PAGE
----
The divisions within society, highlighted by the UK’s vote to quit the European Union last year and the election of US president Donald Trump, are a result of globalisation on an unequal playing field, according to UBS investment bank president Andrea Orcel.

Orcel, speaking at the Women’s Forum Global Meeting in Paris, warned the backlash against globalisation is due to increasing inequality around the world.

He said:

There is a lot of debate about whether globalisation is good or bad. I think globalisation is good but what we do with the benefits of globalisation is not as good as it should be, as it has divided society. Globalisation brings more growth but you need to think about how you divide that equally among the population, at the moment what we hear from the population is ‘hang on, globalisation only went to a small fringe of society. I didn’t benefit at all’.”

The idea that the benefits of globalisation have only gone to a rich minority has fuelled some of the world’s recent political shifts.

There has been a backlash against globalisation — the free flow of trade, people and capital around the world — in recent years, with some branding it an unbalanced form of capitalism.

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By GlobalData

In Trump’s campaign for the White House last year he vowed to withdraw from major international trade deals and bring manufacturing that had been moved abroad back to the country.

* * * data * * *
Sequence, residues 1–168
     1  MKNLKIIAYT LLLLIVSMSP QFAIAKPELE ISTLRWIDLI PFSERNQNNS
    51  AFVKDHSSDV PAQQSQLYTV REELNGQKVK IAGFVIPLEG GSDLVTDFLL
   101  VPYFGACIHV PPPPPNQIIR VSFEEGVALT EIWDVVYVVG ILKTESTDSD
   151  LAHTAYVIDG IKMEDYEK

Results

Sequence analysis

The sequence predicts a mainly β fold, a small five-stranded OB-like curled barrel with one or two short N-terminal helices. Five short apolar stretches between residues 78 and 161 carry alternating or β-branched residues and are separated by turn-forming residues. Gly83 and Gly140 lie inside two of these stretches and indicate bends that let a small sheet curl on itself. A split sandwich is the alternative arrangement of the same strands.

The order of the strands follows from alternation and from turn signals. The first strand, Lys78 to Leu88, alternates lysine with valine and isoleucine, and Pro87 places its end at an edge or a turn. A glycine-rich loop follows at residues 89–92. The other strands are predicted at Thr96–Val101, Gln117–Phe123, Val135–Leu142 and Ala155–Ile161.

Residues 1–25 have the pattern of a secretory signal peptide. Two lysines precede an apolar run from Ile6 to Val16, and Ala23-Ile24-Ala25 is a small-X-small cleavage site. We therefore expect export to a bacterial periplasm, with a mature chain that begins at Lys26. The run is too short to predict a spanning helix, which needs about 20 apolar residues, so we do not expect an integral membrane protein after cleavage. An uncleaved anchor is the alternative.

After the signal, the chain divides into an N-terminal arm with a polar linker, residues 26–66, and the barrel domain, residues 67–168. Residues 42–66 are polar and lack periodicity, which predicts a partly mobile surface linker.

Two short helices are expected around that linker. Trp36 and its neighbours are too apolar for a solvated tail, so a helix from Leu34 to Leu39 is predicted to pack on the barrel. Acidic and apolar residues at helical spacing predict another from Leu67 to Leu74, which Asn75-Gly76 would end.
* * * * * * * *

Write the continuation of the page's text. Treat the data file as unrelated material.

Meanwhile Bank of England governor Mark Carney described Brexit as a unique example of a backlash against globalisation, triggering political and financial instability.

In Germany, anti-immigration sentiments highlighted in the recent polls have brought in a far-right party to the Bundastag. In Spain, the country is suffering from the fallout of the illegal referendum vote over Catalonia’s independence.

Joseph Stiglitz, a Nobel prize winning economist, predicted the polarising effects of globalisation as far back as 1994.

Stiglitz said: “We thought everyone would benefit” but “many of the poorest countries were actually made worse off. The poorest countries in the world were worse off due to the asymmetric way in which globalisation had preceded… the promise of globalisation was greater stability, but the consequence has been greater instability”.

Orcel said developing countries had been damaged by open borders and that “too fast opening of capital flows can have a negative impact and create bubbles” and “the free flow of capital needs to be looked at carefully”.

Karien Van Gennip, CEO of ING France and speaking alongside Orcel, said:

There needs to be rules and regulations [to ensure the equal distribution of benefits from globalisation]”.